Business is up for World Cup
It won’t be crowded in Aspen this weekend, but it will certainly be busier than it was at this time last year, if lodge bookings are any indication.
Aspen’s strategy for an early-season tourism boost, fueled by World Cup racing on Thanksgiving weekend, appears to be working, according to Bill Tomcich, president of Aspen Central Reservations.
His agency had booked 375 room nights for the month of November by Wednesday morning – about 90 percent of them for this weekend. That’s up from 225 room nights in November by the same time last year.
“We’re actually up 67 percent over last year’s pace,” he said.
The Aspen Chamber Resort Association’s weekly occupancy report issued last week indicated a significant jump in bookings over Thanksgiving week a year ago – from 30 percent occupancy last year to 45 percent this year. The report is based on a survey of 11 lodges, hotels and vacation condo complexes.
In conjunction with women’s World Cup racing today and Saturday on Aspen Mountain, lodging deals are luring in early-season business. Visitors can stay in Aspen for as little as $59 per person per night, including lift tickets, through Dec. 1, according to Tomcich.
And then there’s the snow – a critical component that was missing at this time last year.
“It’s hard to tell how many people are attracted by the event versus the snow conditions versus the special offers associated with the event,” Tomcich said. “My guess is it’s all three.”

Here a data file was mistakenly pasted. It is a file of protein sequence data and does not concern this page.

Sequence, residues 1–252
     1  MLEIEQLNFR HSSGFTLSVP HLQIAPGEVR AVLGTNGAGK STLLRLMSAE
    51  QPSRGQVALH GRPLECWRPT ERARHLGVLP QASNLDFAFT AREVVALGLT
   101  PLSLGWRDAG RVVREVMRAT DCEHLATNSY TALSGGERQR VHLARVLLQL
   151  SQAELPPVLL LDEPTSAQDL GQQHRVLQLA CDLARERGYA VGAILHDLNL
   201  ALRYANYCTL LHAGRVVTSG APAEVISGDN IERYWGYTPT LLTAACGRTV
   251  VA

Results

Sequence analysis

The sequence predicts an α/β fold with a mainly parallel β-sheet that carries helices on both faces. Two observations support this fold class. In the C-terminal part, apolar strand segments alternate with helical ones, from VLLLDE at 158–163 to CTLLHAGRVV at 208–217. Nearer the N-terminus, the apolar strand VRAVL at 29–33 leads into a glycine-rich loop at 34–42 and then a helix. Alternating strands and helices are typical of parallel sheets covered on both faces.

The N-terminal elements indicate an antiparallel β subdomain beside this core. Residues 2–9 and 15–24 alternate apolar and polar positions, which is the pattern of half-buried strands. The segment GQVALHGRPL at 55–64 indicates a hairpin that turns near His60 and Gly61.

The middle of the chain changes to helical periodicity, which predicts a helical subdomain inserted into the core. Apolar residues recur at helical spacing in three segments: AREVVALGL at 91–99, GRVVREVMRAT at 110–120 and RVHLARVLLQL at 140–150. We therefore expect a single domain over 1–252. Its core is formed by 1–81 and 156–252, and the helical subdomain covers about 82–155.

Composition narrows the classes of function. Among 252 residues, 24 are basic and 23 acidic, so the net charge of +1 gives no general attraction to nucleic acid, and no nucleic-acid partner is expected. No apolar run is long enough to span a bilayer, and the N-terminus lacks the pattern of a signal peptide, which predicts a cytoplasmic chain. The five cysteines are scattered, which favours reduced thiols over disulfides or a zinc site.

Tomcich expects this month to play out as Aspen’s best November in at least five years or so.
“The 375 room nights is not a lot,” he conceded. “It’s nothing compared to a big weekend in July or January or February, but it’s going to be a whole lot busier than it was this weekend last year.”
Two years ago, when Aspen hosted men’s World Cup racing in November, Aspen Central Reservations had booked 401 room nights by two days before the races – slightly more than this year.
“A few more reservations today [Wednesday] and we’ll close that gap,” Tomcich said.
The Aspen Skiing Co. envisions making Aspen a regular Thanksgiving stop on the World Cup tour, giving the ski season something of a jump-start.
The company gave up its March spot on the race circuit after the 1994-95 season, reasoning that the town is better able to accommodate the racers and the races themselves during the quiet early season.
Expanded activities for the public in conjunction with the races, like today’s White Carnival and tomorrow’s salsa street party, both at the Gondola Plaza, are partly intended to boost the visitor experience, according to Kerry Brennan, Skico event marketing manager.
With the promise of yearly Thanksgiving weekend fun and ski racing, visitors will hopefully decide they want to come back, she said.
The Skico was airing ads late last week on CNN in the Denver market, boasting the fun and deals to be had in Aspen this weekend.
“We’re definitely hoping to get some people who say, `Hey, let’s go to Aspen for the weekend,'” she said.
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I try to remember to give thanks every day I spend outside, whether it be floating the Colorado or Roaring Fork, fishing an epic dry fly hatch on the Fryingpan, or teasing up tiny brook trout on a remote lake or stream. We’re spoiled rotten here, so it’s easy to be thankful.